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Economic TurbulenceIs a Volatile Economy Good for America?$
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Clair Brown, John Haltiwanger, and Julia Lane

Print publication date: 2006

Print ISBN-13: 9780226076324

Published to Chicago Scholarship Online: February 2013

DOI: 10.7208/chicago/9780226076348.001.0001

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PRINTED FROM CHICAGO SCHOLARSHIP ONLINE (www.chicago.universitypressscholarship.com). (c) Copyright University of Chicago Press, 2021. All Rights Reserved. An individual user may print out a PDF of a single chapter of a monograph in CHSO for personal use.date: 27 September 2021

Firm Turbulence and Job Ladders

Firm Turbulence and Job Ladders

Chapter:
(p.60) Chapter Five Firm Turbulence and Job Ladders
Source:
Economic Turbulence
Author(s):

Clair Brown

Publisher:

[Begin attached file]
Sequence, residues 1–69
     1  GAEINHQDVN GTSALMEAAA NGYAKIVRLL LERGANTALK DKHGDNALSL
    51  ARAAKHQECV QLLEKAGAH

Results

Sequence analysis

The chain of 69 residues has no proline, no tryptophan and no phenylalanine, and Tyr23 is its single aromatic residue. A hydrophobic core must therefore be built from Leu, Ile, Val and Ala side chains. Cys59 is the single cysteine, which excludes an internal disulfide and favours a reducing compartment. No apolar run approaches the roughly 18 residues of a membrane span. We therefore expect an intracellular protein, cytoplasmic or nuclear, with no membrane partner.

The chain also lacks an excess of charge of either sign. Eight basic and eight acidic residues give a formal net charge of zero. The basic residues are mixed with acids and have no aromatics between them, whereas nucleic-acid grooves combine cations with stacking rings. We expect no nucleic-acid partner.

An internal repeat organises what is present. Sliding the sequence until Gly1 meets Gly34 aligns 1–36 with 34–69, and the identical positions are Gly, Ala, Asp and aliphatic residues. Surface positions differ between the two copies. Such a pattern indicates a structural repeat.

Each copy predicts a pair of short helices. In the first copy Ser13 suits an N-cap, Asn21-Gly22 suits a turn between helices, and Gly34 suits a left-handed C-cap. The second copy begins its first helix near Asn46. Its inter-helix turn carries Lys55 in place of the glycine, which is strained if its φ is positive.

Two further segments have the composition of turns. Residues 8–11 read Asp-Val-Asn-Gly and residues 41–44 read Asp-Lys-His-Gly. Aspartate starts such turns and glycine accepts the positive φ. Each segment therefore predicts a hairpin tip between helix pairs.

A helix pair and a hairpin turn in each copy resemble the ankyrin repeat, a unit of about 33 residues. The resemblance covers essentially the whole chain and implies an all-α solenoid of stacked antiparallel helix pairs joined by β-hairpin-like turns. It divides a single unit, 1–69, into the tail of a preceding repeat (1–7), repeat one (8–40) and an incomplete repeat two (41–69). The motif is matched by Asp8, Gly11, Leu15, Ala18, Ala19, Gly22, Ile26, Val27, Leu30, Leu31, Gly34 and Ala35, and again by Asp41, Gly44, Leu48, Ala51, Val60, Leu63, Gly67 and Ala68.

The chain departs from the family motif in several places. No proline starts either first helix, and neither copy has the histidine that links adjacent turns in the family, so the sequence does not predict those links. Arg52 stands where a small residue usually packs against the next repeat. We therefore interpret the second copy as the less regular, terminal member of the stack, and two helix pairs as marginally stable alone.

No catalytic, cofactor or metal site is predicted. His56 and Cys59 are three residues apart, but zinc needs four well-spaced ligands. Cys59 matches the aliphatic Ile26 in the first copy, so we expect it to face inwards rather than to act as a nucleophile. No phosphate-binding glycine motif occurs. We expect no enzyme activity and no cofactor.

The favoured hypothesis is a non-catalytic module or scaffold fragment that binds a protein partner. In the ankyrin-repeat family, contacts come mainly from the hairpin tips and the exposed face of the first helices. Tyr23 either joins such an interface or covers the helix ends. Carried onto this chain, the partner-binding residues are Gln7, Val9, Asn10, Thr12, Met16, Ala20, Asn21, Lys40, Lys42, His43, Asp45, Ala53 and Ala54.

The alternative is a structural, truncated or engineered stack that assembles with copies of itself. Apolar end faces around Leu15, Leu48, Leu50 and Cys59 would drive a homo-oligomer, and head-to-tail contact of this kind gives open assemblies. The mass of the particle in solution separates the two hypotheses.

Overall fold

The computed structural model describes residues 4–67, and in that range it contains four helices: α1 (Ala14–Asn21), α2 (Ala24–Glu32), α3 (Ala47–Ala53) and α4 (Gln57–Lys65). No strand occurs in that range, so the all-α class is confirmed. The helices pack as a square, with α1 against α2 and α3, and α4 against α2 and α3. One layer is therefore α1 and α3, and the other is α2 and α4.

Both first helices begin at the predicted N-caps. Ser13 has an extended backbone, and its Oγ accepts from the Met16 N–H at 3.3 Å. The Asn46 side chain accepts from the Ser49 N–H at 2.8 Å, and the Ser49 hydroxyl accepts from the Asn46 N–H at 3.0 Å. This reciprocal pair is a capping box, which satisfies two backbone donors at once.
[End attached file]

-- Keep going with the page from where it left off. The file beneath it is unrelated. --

University of Chicago Press
DOI:10.7208/chicago/9780226076348.003.0005

This chapter investigates the effect of economic turbulence on job ladders. Even when a company offers good job ladders, only a select group of workers may be able to move “up” onto them. Men experience better job ladders than women, who are less likely to have good jobs than are men. Job ladders in firms have changed in very different ways in response to the economic turbulence sweeping their industries. Jobs are provided predominantly by growing firms and by large firms. Small growing firms with high turnover are the largest provider of jobs in trucking and account for 25 percent of jobs in the industry. Growing firms offer better job ladders than do shrinking firms, both to low- and high-educated workers. Job ladders are usually worse in shrinking firms, since they initially pay workers less. Thus, the effects of economic turbulence on job ladders cannot be denied.

Keywords:   economic turbulence, job ladders, firms, turnover, trucking

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